This paper contributes to a large literature concerned with identifying the source of the widening wage gap between high school and college graduates by providing a comprehensive, multidimensional decomposition of wages across both time and educational status. Data from a multitude of sources are brought to bear on the question of the relative importance of labor market supply and demand factors in the determination of those wage differences. The results confirm the importance of investments in and use of technology, which has been the focus of most of the previous literature, but are also able to show that demand and supply factors played very different roles in the growing wage gaps of the 1980s and 1990s.
JEL classification: J200, J310, J240
Key words: education wage gap, skill wage gap, skill-biased technological change, skill-based wage differentials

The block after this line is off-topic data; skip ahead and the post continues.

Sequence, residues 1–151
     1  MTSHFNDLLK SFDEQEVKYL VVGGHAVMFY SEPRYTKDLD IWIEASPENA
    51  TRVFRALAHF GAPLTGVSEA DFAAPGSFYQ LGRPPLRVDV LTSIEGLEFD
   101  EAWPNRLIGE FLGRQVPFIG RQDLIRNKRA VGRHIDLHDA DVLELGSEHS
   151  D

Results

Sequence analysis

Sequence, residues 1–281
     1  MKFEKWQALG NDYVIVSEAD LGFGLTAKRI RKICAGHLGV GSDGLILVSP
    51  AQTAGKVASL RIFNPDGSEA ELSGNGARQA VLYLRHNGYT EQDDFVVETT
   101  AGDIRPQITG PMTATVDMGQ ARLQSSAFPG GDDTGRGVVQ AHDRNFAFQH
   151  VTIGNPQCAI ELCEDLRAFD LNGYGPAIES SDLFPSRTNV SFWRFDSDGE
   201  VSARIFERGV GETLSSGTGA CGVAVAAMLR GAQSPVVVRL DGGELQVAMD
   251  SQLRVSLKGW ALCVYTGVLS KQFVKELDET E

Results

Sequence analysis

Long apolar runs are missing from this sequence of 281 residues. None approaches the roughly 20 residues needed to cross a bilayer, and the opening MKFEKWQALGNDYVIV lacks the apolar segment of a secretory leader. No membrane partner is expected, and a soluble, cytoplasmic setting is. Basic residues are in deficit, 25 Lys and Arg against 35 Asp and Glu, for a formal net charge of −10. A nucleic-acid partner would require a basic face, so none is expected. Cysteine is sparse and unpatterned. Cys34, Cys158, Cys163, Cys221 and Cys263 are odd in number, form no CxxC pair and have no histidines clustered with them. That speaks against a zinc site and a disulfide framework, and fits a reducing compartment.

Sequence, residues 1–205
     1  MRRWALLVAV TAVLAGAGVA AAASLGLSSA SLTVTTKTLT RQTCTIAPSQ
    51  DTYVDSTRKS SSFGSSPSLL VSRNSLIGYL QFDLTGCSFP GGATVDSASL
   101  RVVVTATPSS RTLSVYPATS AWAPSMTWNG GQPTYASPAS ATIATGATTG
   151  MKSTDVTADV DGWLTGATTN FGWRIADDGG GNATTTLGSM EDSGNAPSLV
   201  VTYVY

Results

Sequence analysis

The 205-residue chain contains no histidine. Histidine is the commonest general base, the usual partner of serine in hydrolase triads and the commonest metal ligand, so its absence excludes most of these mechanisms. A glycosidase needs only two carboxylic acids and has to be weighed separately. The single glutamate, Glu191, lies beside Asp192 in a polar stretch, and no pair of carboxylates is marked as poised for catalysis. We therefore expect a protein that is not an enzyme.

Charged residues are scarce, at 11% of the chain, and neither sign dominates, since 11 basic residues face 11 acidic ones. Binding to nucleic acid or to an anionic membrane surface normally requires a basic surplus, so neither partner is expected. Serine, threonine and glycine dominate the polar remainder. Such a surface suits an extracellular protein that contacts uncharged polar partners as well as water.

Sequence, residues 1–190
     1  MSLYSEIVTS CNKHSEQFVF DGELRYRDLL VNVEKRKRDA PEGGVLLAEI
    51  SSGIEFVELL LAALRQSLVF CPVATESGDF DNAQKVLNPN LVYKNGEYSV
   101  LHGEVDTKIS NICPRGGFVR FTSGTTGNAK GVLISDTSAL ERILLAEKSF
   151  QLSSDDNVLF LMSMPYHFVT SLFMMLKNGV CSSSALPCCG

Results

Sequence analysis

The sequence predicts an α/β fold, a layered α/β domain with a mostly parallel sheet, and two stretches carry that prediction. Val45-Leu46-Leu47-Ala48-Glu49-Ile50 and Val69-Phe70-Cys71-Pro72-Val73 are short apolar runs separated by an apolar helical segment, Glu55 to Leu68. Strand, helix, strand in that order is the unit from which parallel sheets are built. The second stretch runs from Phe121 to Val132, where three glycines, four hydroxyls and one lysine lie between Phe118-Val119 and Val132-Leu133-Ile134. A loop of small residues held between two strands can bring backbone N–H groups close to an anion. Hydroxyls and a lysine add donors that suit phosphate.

The authors gratefully acknowledge Mookie Hojiwala and Anne Flatness at the U.S. Bureau of Economic Analysis for assistance with trade data, David Autor and David Dorn for assistance with commuting-zone questions, and Mark Leonard for comments. Andrew Balthrop and Nicole Baerg provided valuable research assistance. The views expressed here are the authors' and not necessarily those of the Federal Reserve Bank of Atlanta or the Federal Reserve System. Any remaining errors are the authors' responsibility.
Please address questions regarding content to Julie Hotchkiss (contact author), Research Department, Federal Reserve Bank of Atlanta, 1000 Peachtree Street, N.E., Atlanta, GA 30309-4470, 404-498-8198, or Menbere Shiferaw, Research Department, Federal Reserve Bank of Atlanta, 1000 Peachtree Street, N.E., Atlanta, GA 30309-4470, 404-498-8875, .